If then there is any encouragement in Christ, any consolation from love, any sharing in the Spirit, any compassion and sympathy, make my joy complete: be of the same mind, having the same love, being in full accord and of one mind. Do nothing from selfish ambition or conceit, but in humility regard others as better than yourselves. Let each of you look not to your own interests, but to the interests of others. Let the same mind be in you that was in Christ Jesus,
who, though he was in the form of God,
did not regard equality with God
as something to be exploited,
but emptied himself,
taking the form of a slave,
being born in human likeness.
And being found in human form,
he humbled himself
and became obedient to the point of death—
even death on a cross.
Therefore God also highly exalted him
and gave him the name
that is above every name,
so that at the name of Jesus
every knee should bend,
in heaven and on earth and under the earth,
and every tongue should confess
that Jesus Christ is Lord,
to the glory of God the Father.
Therefore, my beloved, just as you have always obeyed me, not only in my presence, but much more now in my absence, work out your own salvation with fear and trembling; for it is God who is at work in you, enabling you both to will and to work for his good pleasure.
This morning’s reading reminds me of the one about two boys, Tim and Jack, who were arguing in class one day when all of a sudden the teacher came in and began scolding them. “Now boys, I will show each of you the importance of humility. I want the both of you to compliment the other one in front of the class,” said the teacher. Tim went first by saying, “I’m sorry Jack, I will never be as good at art as you.” Jack knew this was sarcasm because his art was terrible, so he replied, “I’m sorry Tim, you will always know more things than I do.” This caught the teacher’s curiosity so she asked, “Can you name one of those things?” To which Jack replied, “I will never know what it’s like to be so stupid.”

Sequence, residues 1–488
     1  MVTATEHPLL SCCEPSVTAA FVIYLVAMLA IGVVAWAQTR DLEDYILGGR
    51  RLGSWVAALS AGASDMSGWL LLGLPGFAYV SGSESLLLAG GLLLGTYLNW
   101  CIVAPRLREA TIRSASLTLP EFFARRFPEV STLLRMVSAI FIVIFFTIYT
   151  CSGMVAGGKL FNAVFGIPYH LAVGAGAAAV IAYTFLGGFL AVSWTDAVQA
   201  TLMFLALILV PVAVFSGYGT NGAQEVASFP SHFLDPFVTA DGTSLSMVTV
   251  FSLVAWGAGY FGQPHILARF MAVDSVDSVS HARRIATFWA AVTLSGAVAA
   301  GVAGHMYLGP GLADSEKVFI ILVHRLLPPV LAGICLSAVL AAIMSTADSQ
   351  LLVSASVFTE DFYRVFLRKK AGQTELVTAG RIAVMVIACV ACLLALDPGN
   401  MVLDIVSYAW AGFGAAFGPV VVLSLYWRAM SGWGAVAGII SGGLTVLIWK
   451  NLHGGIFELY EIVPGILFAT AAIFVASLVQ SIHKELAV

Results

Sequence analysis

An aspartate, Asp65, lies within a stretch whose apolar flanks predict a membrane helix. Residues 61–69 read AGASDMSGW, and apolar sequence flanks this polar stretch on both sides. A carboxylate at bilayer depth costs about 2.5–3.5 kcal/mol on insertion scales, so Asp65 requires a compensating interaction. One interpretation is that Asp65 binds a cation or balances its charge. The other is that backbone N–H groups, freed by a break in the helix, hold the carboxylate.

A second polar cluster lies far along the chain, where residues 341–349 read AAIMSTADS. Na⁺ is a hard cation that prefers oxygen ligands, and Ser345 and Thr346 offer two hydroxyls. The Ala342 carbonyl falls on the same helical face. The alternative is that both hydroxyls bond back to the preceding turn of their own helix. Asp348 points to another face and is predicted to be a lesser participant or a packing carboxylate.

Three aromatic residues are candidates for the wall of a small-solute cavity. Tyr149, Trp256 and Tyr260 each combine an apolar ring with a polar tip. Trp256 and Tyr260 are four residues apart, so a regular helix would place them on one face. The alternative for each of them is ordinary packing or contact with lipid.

Clearly Tim and Jack had a long way to go before they could fully appreciate the importance of humility! Sure, they were adept in humiliation but that’s a far cry from humility. Unfortunately, the ability to humiliate comes far too natural to many of us. It’s the ability to be humble that is truly unique and special. It’s the ability that lies at the core of who Jesus is and it’s at the heart of our reading so I think it’s well worth our time to reflect on.
In the whole of scripture, this passage from Paul’s letter to the Philippians is a superbly concise description of who Jesus is and what he did for us on the cross. There are no better words in such limited space other than the familiar John 3:16-”For God so loved the world that he gave his only Son, so that everyone who believes in him may not perish but may have eternal life.” God gave, we believe, we have eternal life…simple and to the point. Our Philippians passage simply flushes out exactly who God gave and why we should believe. So who exactly did God give us? Well, God gave us himself…but not necessarily himself. God gave us a hollowed out version of himself. God gave us a version with serious restrictions in place. Jesus couldn’t be in all places and at all times. He was restricted to 33 years in the Middle East. And he was restricted to teaching and healing a limited number of people in that time and in that place. So why did God do it? To take the form of a slave, to know firsthand humility. There is no one more humble than a slave. Even the poorest among us have something that slaves do not–freedom. At the very least, they have control of their minds and their destinies. A slave’s mind and destiny are determined by those they serve. They have no control, no freedom whatsoever, and therein lies true humility. Humility is relying solely on the grace and mercy of those around you. Prior to Jesus, God had no reason to understand humility. He relied on the grace and mercy of no one so it was quite a radical change for him to exist in such a lowly form. Jesus lived to serve others, plain and simple. Jesus had no control over his destiny. He lived by the complete mercy of those around him. He lived by the complete mercy of destiny itself.